A popular diet supplement advertised as giving “unrelenting energy and focus” during workouts has been found to contain a chemical substance similar to methamphetamine. According to USA Today, scientists in the United States and South Korea conducted tests on Craze, a pre-workout powder made by Driven Sports in New York, and the results were troubling.

Craze was discovered to have a substance called N,alpha-diethylphenylethylamine (N,alpha-DEPEA), which, according to a press release, is “likely less potent than methamphetamine but greater than ephedrine.” The substance isn’t listed on Craze’s label.

“Alarmingly, we have found a drug in a mainstream sports supplement that has never been studied in humans,” says Dr. Pieter Cohen, an assistant professor of medicine at Harvard Medical School noted for his experience researching and testing supplements. “The health risk of using supplements adulterated with a drug should not be underestimated.”

Scientists also found N,alpha-DEPEA in Detonate, a weight-loss supplement by Gaspari Nutrition.

"These are basically brand-new drugs that are being designed in clandestine laboratories where there's absolutely no guarantee of quality control," Cohen told USA Today. “Yes, it might make you feel better or have you more pumped up in your workout, but the risks you might be putting your body under of heart attack and stroke are completely unknown."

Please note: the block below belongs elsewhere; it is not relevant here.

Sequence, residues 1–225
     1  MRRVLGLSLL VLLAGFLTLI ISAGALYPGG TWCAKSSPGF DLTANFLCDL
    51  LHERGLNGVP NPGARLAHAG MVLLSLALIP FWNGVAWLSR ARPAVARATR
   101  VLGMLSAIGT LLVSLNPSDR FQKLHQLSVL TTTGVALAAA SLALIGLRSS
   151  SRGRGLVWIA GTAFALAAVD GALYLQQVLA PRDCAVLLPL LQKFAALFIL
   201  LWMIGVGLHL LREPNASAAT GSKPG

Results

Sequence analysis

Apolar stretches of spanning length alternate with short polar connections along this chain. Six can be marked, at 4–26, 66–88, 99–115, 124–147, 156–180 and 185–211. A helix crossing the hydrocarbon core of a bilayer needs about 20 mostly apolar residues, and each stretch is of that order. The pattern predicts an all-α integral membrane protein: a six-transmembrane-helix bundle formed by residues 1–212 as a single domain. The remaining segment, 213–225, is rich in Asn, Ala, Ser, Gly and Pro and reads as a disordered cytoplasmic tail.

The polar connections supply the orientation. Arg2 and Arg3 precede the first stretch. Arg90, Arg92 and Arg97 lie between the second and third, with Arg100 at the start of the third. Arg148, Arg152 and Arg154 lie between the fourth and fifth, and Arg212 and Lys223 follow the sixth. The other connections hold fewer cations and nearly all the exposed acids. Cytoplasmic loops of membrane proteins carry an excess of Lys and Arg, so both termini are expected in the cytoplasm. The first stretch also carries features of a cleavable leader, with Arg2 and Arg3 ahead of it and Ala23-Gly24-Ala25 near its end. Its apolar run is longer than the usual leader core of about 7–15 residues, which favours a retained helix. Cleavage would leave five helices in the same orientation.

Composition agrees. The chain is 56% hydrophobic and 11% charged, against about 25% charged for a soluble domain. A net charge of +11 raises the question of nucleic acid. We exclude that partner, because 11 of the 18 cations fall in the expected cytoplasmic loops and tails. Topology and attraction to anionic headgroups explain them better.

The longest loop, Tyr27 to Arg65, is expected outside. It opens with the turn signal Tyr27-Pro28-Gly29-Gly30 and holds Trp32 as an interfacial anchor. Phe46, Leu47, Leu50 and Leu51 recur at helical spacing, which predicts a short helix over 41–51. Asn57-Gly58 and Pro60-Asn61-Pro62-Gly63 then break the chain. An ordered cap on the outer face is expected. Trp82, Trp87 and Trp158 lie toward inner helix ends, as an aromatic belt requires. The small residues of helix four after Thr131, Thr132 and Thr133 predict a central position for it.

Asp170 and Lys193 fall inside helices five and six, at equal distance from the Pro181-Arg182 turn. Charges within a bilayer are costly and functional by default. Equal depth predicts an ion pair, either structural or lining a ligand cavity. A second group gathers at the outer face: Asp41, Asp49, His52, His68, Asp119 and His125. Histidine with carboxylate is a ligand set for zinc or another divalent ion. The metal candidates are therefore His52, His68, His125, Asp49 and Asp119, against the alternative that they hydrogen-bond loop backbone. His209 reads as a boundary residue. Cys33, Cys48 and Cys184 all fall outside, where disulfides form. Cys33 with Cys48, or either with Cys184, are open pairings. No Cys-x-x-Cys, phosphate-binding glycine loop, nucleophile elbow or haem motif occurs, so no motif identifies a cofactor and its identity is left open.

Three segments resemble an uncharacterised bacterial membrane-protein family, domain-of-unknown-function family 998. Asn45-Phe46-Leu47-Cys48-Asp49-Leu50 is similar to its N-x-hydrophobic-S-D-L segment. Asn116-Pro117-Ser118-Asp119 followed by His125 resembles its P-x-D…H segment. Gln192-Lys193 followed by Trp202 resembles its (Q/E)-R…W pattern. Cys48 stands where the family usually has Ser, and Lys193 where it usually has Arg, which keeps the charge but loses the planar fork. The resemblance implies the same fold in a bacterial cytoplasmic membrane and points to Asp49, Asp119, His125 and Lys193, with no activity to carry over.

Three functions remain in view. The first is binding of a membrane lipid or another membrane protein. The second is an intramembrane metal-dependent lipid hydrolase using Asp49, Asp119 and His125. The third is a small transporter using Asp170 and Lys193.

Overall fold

In the wake of the discovery, Walmart.com and other online retailers have stopped selling Craze, but the supplement is still available in GNC stores and some places online, USA Today pointed out.

“We urge consumers to remain vigilant about the dietary supplement products they choose, especially since products including Craze and Detonate are available in stores and online, and encourage them to look for certification as a sign that the product has been tested and certified to be free of undeclared ingredients or harmful levels of contaminants,” said Ed Wyszumiala, general manager of NSF International’s Dietary Supplement Certification Program.

Craze was voted “New Supplement of the Year” for 2012 by Bodybuilding.com, according to USA Today.

"We have previously provided USA Today with a plethora of data from a DEA-certified Lab indicating the absence of any amphetamine-like compound in Craze," Marc Ullman, an attorney for Driven Sports, said in an e-mail to USA Today. "In light of USA Today's decision to ignore the data we have provided, we respectfully decline to comment."

This isn’t the first time Driven Sports has landed in hot water. A separate USA Today investigation revealed that Matt Cahill -- a top executive at Driven Sports – has been busted in the past for conspiracy to commit mail fraud and introduction of a misbranded drug into interstate commerce.